So next time you play a realistic sim, remember how lucky you are that there's no chance of having your legs ripped off or your skin burnt, and that you're actually having fun each time you take off rather than crapping your pants with fear at the thought of being blown out of the sky.
A WW2 flight sim that concentrates on the war between Hitler's Germany and Stalin's USSR from 1941-1945. With 17 aircraft for you to fly in place for the initial release, and another 14 more pencilled in to be drip-fed (hopefully) once the game comes out, this should encompass virtually every fighter and most bombers used by the main protagonists.
What's The Big Deal?
Produced by flight-sim genius Oleg Maddox, it's the cutting edge for a 'new breed' of propeller dog fighting games, which until now have been sitting in graphical limbo since 1997. Not only that, but it concentrates on the Eastern Front, a theatre of WWII that is usually ignored.
Every game genre has its personal god: John Carmack for 3D shooters, Warren Spector for RPGs, Peter Molyneux for god games, and so forth.
Well, the flight sim community also has its own deity: Russian-born Oleg Maddox, and he has come up with a wonder for the great unwashed.
Sergei Ilyushin's rugged 11-2 was feared by the Germans, and known as the Swan Tod (Black Death). Its main purpose was as a 'tank buster' and it proved capable of destroying the heaviest-armoured German tanks, including the much-feared Tigers.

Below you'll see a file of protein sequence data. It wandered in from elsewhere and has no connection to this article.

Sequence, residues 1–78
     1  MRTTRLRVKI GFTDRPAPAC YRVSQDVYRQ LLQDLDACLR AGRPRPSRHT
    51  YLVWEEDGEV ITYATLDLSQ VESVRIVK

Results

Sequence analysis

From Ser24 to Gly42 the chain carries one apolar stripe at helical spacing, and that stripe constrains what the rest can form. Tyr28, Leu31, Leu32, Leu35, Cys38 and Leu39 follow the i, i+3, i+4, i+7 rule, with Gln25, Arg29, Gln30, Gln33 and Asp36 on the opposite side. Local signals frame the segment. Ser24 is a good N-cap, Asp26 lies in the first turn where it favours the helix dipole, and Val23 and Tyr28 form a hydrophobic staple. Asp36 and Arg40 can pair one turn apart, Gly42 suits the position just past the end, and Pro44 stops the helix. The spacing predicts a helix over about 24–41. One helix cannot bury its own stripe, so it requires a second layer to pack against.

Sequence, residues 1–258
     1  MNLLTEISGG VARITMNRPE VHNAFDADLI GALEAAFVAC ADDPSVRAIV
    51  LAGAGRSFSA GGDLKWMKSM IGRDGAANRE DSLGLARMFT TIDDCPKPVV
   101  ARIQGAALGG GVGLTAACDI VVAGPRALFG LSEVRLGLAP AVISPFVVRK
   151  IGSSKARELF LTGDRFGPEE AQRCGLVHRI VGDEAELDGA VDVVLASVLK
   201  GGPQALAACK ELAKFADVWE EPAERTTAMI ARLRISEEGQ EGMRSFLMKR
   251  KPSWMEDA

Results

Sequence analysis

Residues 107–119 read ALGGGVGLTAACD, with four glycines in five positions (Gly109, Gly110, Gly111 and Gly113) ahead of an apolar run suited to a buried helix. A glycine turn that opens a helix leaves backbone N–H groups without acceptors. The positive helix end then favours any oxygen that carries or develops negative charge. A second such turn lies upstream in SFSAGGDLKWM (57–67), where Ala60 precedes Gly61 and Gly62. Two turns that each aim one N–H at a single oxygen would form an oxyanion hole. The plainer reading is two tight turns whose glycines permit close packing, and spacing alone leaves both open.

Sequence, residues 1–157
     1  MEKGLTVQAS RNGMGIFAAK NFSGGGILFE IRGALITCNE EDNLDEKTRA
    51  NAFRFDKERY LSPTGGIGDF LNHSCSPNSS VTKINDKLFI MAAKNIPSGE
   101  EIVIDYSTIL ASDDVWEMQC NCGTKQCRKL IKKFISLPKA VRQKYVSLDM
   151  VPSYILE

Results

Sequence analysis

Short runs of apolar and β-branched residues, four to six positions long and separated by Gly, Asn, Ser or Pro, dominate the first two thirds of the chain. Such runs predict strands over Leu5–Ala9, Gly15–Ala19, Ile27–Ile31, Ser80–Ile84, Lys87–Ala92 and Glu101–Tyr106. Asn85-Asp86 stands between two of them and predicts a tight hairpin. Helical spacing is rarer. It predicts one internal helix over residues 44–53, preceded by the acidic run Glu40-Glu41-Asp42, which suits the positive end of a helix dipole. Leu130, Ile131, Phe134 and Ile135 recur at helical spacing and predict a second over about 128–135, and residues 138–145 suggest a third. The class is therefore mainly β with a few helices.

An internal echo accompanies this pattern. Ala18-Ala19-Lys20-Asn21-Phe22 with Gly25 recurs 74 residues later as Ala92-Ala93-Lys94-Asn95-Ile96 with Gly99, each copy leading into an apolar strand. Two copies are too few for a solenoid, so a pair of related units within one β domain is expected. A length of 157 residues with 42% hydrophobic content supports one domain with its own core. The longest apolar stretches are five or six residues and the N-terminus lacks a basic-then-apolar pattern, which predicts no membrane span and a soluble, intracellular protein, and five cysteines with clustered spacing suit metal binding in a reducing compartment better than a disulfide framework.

Around 40,000 of the aircraft were built, making it the most-produced aircraft in history. It certainly made a big difference to the battles on the Eastern Front, yet until now, this remarkable plane has been largely ignored by most flight sim developers. Some cynics have suggested that as most flight sims are made by Americans, they tend to ignore/relegate both the equipment and the efforts made by the USSR during the Second World War. Certainly in other sims, the flight models of some US aircraft are, one could say, generous. But we digress...
So what Oleg has done is focus entirely on the Eastern Front air war. And 'focus' is the key word here as the graphics, gameplay and flight models are done to such detail as to make any self-respecting propeller-head kiss the sky and thank God he's alive. Quite sad really. It's as if Oleg has gone through everyone's wish-list for a flight sim, and made 99 per cent of 'em possible. You want smoke coming out of the engines when you start? Done. Con trails from the wings when you pull a hard turn? Sorted.
Full cloud effects, so you can hide if the going gets tough? Easy. Internet play that supports more than 32 aircraft? No problemo.
The initial crop of aircraft you can fly is quite limited - at present, only the IL-2, LaGG-3, MiG-3, P-39 and Bf-109 are. available to fly (apart from the 109, the rest are Russian), although with the sub-variants this comes to 17 different choices.
Considering the game has already been in development for nearly two years, it's a good indication as to the level of detail they're aiming at. They've even added supply trains so you can strafe and gloat in satisfaction when the engine explodes. There are another 21 non-flyable planes, whose aim will be to turn your plane into Swiss cheese, and from what we've seen of the early AI, they do a rather thorough job too. And every type of each aircraft is modelled differently, although you'll probably discover this the hard way. So what more can we say about IL-2 Sturmovik? Well, it looks fantastic, sounds fantastic and (hopefully) is fantastic. Roll on the review code, that's all we can say.